Interview with barb biagi
barb biagi has been a committee member and steward of the Hornby Island Natural History Centre since 2015. She donates her wildlife images to be used as a card fundraiser and often volunteers making and selling the cards for Natural History. In October 2019, we interviewed barb to learn more about her passion for wildlife photography.
When did you become interested in wildlife photography?
barb: It started with Doug Carrick’s eagle cams. I was working outside the co-op and people were talking about the eagle cam and how fabulous it was. I hadn’t had high speed internet before, but I got a new computer and it came with 3 months of free high-speed internet. The first thing I did was go to Doug’s cam and, woohoo, I’d sit and knit and watch the cam. Doug’s cams were the first. Now you can watch osprey nests in Ireland, stork nests in Poland, or a safari, just by the computer. There was a chat and a forum associated with the cam, and there were people from around the world who love the cams: including people in schools and hospitals. I realized there were thousands of people who loved the Eagles and the webcams, but they had no idea what Hornby or the Eagles looked like from the ground. So I started taking pictures to show them. From there I realized there’s all sorts of things: birds, stuff on the water. I fell into it.
I’ve had a camera since I was twenty. At the time it was film, black and white. It was the first thing I bought when I got a job. My Mum was a photographer too. She had a brownie camera, and I probably got it from my her. She photographed the family, documented all our life.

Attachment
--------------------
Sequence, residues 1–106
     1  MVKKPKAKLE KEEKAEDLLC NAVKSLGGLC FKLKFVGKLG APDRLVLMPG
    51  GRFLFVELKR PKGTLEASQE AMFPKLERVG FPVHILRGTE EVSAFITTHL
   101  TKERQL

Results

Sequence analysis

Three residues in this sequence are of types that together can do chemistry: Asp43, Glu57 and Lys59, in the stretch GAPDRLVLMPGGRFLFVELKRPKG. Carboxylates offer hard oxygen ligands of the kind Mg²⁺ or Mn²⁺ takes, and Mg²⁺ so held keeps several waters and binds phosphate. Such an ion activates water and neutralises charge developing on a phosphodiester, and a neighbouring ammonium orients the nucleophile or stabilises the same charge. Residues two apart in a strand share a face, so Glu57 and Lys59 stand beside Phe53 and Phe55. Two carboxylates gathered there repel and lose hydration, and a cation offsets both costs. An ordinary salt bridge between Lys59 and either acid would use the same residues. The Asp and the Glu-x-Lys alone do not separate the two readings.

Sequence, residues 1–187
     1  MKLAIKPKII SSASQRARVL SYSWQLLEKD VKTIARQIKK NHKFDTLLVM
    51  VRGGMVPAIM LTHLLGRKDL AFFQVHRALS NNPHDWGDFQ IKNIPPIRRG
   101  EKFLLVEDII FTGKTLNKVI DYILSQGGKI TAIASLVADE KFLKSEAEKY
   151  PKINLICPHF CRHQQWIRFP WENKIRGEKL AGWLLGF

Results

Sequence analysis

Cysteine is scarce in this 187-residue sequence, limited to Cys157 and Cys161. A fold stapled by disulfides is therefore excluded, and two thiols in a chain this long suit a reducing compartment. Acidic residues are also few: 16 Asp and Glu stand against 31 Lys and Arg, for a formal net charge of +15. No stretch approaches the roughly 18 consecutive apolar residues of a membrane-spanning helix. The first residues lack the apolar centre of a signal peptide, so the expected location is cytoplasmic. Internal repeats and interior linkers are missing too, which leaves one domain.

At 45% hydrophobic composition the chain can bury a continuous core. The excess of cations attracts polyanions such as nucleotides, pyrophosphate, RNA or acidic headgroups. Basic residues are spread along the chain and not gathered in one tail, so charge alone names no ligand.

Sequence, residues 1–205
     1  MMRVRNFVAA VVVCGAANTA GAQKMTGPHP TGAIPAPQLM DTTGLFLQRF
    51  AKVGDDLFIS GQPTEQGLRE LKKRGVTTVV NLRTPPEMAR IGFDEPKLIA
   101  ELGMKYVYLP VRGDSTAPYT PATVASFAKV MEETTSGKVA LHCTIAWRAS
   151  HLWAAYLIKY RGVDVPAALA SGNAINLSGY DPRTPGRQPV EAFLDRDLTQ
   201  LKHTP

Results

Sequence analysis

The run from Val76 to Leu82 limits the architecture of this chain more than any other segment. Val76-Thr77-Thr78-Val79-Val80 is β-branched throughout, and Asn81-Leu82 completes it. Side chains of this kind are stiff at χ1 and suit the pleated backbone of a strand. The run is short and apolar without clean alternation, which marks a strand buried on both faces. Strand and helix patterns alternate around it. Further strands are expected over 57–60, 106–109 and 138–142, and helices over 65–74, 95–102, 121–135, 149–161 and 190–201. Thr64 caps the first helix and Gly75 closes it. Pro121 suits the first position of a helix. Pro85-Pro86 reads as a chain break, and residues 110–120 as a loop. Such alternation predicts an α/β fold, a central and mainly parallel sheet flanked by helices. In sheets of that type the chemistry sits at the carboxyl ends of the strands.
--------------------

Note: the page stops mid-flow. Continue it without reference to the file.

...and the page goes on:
Do you have a favourite species or subject to photograph?
barb: The eagles are at the heart of it, especially that particular eagle nest and what is happening. They might not be the best photos but it’s what I do the most of. I take pictures from the roads and on the beach. I know all the trees that they hang out in. I go by every day on my way home, stopping and taking pictures and videos.
What is your favourite photograph or series that you have ever taken?
barb: The one I get the most feedback from is the hummingbird nest series taken over at Roger and Françka’s place. People love that. One of the images won MARS’ judge’s choice and audience choice. Two photos have been published. I have all my pictures on Flickr. I got a message from a Japanese architect who wrote a book about his theory called tangling. He requested to include a picture I took during the herring spawn: it was Sargassum seaweed, and herring had stuck their roe to the seaweed. I was also contacted by someone from out east making a backyard bird feeder book. He wants to point out bird feeder behavior that people can watch and requested to use my photo of the male purple finch doing a mating dance. The finch has my dog Dookie’s hair in his beak and is dancing. It was the day that I had to let Dookie go. It’s like a thank you, and life goes on. I’ve also had photos in the Comox Valley Record.
What time of year do you most enjoy taking photos on Hornby?